Investigating Influences on Organic Matter Porosity and Pore Morphology in Duvernay Formation Organic-Rich Mudstones
- Levi J. Knapp (Japan Oil, Gas and Metals National Corporation (JOGMEC)) | Takashi Nanjo (Japan Oil, Gas and Metals National Corporation (JOGMEC)) | Shinnosuke Uchida (Japan Oil, Gas and Metals National Corporation (JOGMEC)) | Omid Haeri-Ardakani (Geological Survey of Canada) | Hamed Sanei (Aarhus University)
- Document ID
- Society of Petrophysicists and Well-Log Analysts
- 24th Formation Evaluation Symposium of Japan, 11-12 October, Chiba, Japan
- Publication Date
- Document Type
- Conference Paper
- 2018. Society of Petrophysicists and Well Log Analysts
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Organic matter exerts a fundamental control on porosity and permeability in organic-rich tight hydrocarbon reservoirs. The complexities of these relationships are not well defined however and may be influenced by a variety of factors including organic matter richness, thermal maturity, kerogen type, original kerogen structure and primary organic-hosted porosity, compositional fractionation, interaction with mineral catalysts, compaction, and occlusion by generated products such as solid bitumen.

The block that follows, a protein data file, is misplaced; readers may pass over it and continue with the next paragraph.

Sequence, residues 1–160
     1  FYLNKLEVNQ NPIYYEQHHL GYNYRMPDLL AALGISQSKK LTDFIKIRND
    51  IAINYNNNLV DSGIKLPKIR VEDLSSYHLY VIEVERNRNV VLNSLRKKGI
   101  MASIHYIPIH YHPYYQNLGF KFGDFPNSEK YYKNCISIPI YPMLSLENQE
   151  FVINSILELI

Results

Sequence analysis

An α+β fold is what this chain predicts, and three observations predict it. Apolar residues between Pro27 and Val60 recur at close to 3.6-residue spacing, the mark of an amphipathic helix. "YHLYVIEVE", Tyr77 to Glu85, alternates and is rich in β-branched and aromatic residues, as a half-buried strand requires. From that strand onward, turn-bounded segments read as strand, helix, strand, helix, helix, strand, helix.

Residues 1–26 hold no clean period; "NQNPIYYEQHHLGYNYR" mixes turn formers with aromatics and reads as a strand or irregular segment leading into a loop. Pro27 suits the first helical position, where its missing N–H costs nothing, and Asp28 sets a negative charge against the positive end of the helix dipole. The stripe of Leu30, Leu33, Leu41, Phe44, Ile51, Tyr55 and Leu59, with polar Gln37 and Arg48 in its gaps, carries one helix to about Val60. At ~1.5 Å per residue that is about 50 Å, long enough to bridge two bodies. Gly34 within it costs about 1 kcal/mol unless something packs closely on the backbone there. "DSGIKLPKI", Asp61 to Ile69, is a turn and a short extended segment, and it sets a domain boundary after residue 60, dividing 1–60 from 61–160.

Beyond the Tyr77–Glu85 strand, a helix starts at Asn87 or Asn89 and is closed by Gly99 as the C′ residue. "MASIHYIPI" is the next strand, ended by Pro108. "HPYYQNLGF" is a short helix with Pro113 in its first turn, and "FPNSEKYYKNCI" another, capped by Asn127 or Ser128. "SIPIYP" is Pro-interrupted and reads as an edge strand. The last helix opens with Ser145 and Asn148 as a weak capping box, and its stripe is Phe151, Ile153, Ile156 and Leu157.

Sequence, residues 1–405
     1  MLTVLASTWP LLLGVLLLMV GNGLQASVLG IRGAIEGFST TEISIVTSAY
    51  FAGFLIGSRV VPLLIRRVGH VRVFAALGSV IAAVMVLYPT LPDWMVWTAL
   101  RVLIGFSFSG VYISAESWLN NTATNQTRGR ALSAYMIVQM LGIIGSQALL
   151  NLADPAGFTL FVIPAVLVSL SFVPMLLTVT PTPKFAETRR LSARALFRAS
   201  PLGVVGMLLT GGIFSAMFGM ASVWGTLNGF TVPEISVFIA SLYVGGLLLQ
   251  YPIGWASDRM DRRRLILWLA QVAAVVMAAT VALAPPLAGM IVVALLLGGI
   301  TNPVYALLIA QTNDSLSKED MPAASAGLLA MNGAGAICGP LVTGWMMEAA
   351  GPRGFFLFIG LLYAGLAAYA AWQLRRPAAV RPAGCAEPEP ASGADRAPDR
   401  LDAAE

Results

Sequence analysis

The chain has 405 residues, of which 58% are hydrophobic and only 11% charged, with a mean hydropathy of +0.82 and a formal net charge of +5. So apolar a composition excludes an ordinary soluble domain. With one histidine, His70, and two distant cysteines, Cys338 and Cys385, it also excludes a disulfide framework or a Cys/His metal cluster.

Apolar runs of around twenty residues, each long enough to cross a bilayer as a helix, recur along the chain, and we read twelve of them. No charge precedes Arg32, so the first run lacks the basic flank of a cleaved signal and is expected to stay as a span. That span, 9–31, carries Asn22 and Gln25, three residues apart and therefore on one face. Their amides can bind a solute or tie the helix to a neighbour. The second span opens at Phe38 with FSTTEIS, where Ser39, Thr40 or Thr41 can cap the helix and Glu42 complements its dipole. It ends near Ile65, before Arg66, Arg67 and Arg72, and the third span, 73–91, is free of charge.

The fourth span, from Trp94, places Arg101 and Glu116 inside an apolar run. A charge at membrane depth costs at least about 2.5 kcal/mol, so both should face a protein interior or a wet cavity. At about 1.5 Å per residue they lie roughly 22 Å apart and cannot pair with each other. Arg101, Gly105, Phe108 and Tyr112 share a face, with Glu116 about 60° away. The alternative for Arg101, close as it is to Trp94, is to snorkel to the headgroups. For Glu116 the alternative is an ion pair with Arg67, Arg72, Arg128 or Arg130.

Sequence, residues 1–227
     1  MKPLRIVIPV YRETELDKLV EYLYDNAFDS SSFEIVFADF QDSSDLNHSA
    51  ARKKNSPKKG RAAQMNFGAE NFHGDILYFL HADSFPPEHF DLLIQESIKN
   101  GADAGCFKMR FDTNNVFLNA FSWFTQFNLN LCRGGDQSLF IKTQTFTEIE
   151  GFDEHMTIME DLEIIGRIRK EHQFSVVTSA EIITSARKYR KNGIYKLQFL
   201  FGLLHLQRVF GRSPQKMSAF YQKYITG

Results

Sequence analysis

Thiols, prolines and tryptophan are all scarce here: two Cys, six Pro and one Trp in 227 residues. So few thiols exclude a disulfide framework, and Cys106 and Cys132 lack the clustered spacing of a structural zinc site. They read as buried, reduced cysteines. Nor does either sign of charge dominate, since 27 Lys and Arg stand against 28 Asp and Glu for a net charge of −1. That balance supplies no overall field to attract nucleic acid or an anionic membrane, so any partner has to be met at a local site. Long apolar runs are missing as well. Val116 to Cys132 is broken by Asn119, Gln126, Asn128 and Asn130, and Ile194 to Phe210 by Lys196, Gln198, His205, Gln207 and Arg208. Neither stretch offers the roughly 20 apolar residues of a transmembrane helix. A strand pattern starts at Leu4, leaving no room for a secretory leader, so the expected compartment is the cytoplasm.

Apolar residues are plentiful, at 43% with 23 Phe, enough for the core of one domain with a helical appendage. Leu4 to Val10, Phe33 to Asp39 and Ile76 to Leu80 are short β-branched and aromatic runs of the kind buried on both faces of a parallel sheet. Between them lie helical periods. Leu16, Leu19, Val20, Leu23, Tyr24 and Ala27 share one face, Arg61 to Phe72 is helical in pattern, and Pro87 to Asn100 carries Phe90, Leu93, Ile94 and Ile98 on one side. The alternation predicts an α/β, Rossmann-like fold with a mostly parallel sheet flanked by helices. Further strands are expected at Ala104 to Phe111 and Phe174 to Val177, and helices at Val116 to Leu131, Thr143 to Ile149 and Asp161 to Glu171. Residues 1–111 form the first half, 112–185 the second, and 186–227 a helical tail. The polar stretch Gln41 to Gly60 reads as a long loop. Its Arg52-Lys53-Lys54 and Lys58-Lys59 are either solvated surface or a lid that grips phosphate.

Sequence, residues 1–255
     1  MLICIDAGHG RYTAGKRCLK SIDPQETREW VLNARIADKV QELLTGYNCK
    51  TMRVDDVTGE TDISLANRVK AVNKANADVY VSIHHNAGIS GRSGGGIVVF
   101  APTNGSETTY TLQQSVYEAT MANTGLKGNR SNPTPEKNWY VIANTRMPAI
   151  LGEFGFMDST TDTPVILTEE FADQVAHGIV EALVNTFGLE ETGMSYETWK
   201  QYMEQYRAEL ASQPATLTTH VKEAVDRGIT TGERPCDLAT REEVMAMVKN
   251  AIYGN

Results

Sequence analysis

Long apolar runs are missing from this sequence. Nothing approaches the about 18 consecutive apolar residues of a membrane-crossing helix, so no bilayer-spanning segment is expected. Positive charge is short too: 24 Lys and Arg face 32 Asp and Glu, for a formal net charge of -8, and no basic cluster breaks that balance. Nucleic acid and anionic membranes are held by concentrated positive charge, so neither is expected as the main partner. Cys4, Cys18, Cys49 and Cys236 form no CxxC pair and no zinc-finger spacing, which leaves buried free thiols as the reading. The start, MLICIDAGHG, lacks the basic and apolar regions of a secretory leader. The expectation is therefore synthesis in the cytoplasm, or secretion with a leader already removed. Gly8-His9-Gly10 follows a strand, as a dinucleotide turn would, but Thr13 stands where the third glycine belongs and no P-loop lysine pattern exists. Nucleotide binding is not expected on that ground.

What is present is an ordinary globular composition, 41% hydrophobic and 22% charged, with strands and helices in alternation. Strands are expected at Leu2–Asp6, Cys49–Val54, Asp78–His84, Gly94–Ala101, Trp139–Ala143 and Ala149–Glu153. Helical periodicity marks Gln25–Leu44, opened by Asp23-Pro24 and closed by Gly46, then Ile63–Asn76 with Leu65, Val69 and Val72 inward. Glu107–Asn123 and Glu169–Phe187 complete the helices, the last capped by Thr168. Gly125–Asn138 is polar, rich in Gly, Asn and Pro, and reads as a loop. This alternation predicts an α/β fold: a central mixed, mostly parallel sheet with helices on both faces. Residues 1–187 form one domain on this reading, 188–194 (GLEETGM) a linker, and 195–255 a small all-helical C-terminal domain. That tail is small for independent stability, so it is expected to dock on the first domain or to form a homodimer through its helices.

This abstract presents preliminary results from the first of three wells analyzed in the play fairway of the Duvernay Formation of western Canada –a prolific source rock and rising star as an unconventional reservoir. Distinct porosity morphology groups have been observed in SEM and ongoing work has shown that organic matter porosity morphology may be influenced by organic matter composition and degree of isolation from nearby macerals. Integration of porosity calculated from image analysis of focused ion beam scanning electron microscopy (FIB-SEM) images with results from nuclear magnetic resonance (NMR), mercury injection capillary pressure (MICP), and helium porosimetry has demonstrated that a significant portion of the porosity is below typical SEM imaging resolution and that even methods such as He-porosimetry are challenged to access nanometer-scale pores. Variations in sample preparation and analysis procedures can significantly alter porosity results.
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